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Last year was a year for the history books. We made it through two waves of a worldwide pandemic and we have multiple vaccines for COVID 19, but we are still living with the worse pandemic we have experienced — racism — we have yet to find a vaccine.

Last week, someone asked me why Black Lives Matter, as a movement, is still relevant. Don’t all lives matter? I asked if he truly thinks Black lives are valued the same as Caucasian lives; if Indigenous Peoples’ lives are valued the same as his life. Silence. A silence that seemed to go on forever.

Black Lives Matter (BLM) is a movement started in the U.S. to protest incidents of police brutality and racially motivated violence against Black people. As a Black man, older than 60, I have seen many movements, but BLM is different. It is a movement with many young people in leadership roles. It is a movement that has spread beyond the U.S. It also is a movement characterized and comprised of a broad array of people and organizations. It is a movement that began as a hashtag but is so much more.

When February rolls around and many from the Black community get to organizing Black History Month events, invariably we are asked: “Why Black History?” Despite having a presence in Canada before there actually was a Canada, that question persists.

The mission of the London Black History Co-ordinating Committee is “providing programs and services that will increase public understanding of the diversity and history of London’s Black community.” We want to share our story by reminding people that despite being here further back than Samuel de Champlain’s first voyage down the St. Lawrence River, we, people of African descent, are absent from most Canadian history books. That is why Black History Month exists. And that is why movements like Black Lives Matter are relevant.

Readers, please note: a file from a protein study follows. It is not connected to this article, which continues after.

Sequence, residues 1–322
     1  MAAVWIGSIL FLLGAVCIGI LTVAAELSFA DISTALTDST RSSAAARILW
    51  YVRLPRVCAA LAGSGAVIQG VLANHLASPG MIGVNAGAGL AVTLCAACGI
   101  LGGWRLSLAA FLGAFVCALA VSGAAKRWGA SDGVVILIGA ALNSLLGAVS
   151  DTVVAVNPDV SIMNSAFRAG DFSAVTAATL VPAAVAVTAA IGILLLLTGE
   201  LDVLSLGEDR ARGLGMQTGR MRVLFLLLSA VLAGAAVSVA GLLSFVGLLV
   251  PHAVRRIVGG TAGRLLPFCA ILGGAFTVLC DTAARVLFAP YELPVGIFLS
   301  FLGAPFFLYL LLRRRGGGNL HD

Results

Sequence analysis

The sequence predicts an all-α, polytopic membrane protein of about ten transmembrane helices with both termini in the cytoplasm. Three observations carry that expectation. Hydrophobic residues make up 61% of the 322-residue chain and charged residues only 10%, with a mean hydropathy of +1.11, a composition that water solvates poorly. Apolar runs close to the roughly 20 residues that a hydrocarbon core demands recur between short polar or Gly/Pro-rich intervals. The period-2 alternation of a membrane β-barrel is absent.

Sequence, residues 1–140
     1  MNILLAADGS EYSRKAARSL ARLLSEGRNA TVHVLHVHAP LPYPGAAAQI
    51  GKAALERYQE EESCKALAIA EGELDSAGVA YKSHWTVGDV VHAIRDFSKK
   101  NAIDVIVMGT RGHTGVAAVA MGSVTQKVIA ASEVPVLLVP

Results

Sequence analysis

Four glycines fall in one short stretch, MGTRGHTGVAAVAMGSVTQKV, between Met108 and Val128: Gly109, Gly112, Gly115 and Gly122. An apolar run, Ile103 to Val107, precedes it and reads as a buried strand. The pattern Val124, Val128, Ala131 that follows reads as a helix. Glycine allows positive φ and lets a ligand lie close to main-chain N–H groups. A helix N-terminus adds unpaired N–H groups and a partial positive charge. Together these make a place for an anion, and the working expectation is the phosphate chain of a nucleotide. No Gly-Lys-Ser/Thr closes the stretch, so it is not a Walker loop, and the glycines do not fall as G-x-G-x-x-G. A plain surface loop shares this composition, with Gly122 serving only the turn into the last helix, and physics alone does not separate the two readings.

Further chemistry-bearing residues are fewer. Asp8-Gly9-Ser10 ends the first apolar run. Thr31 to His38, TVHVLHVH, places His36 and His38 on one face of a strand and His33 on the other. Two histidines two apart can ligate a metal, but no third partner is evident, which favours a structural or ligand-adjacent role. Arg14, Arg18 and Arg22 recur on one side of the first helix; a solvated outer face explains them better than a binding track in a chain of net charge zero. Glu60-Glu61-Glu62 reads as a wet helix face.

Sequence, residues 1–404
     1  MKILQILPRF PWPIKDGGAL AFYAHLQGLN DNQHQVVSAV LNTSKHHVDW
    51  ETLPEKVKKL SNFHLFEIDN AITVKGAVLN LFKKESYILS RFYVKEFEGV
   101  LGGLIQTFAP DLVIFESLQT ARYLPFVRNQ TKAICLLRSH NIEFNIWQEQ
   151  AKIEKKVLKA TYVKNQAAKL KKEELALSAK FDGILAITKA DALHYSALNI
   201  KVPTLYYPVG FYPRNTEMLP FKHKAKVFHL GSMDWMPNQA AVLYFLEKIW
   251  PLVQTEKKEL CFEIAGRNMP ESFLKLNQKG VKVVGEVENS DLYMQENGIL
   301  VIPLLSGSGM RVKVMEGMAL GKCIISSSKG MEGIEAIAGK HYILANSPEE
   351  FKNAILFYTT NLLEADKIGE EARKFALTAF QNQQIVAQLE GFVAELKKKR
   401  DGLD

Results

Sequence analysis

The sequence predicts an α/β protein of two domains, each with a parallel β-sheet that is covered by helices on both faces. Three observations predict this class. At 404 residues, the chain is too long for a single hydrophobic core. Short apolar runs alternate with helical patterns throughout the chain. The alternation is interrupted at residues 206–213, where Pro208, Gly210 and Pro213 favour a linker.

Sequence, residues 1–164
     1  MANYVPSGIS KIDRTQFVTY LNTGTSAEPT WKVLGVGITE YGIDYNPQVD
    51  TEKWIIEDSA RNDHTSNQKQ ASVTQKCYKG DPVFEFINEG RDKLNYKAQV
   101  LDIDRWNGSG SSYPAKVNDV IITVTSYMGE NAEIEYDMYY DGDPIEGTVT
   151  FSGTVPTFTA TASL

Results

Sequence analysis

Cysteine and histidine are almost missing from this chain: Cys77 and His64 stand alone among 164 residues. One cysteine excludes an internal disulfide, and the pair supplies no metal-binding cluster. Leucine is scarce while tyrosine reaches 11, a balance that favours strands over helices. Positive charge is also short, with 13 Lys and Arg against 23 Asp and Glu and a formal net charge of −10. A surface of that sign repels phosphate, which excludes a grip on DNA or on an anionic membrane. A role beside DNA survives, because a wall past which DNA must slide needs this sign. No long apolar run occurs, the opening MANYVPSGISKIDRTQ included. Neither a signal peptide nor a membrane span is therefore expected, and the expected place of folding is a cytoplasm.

The first time I picked up a book that mentioned African slavery in the territory now called Canada, and read that many of the Loyalists who came here after the American Revolution and settled in the Maritimes were Black, I was in Grade 11. And I bought the book in a book store in Buffalo. Nor did I realize until I read that book that early Jamaicans and Barbadians who were also Loyalists in Nova Scotia fled Canada for Liberia and Sierra Leone because of the treatment they received here.

CBC is once again running episodes of the TV mini-series The Book of Negroes, based on Lawrence Hill’s best-selling book of the same name. Many, especially older adults, mention it is the first time we have had a major Canadian series about us. People still seem surprised at the blatant neglect of our stories from not only our national public broadcaster, but also the national media. I am not surprised; and that is one of the reasons that I am part of London’s Black History Month celebrations. And that is why movements like Black Lives Matter are relevant.